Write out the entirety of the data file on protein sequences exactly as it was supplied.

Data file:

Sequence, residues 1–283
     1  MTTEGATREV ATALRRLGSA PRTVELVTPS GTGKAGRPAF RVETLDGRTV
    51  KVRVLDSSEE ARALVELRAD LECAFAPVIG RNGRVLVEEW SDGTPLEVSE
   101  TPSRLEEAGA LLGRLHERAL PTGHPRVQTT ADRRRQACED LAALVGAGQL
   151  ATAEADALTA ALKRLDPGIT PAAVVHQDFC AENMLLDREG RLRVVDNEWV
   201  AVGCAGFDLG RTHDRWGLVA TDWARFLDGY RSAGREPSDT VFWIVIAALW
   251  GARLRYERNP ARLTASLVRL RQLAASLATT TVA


Sequence, residues 1–283
     1  MTTEGATREV ATALRRLGSA PRTVELVTPS GTGKAGRPAF RVETLDGRTV
    51  KVRVLDSSEE ARALVELRAD LECAFAPVIG RNGRVLVEEW SDGTPLEVSE
   101  TPSRLEEAGA LLGRLHERAL PTGHPRVQTT ADRRRQACED LAALVGAGQL
   151  ATAEADALTA ALKRLDPGIT PAAVVHQDFC AENMLLDREG RLRVVDNEWV
   201  AVGCAGFDLG RTHDRWGLVA TDWARFLDGY RSAGREPSDT VFWIVIAALW
   251  GARLRYERNP ARLTASLVRL RQLAASLATT TVA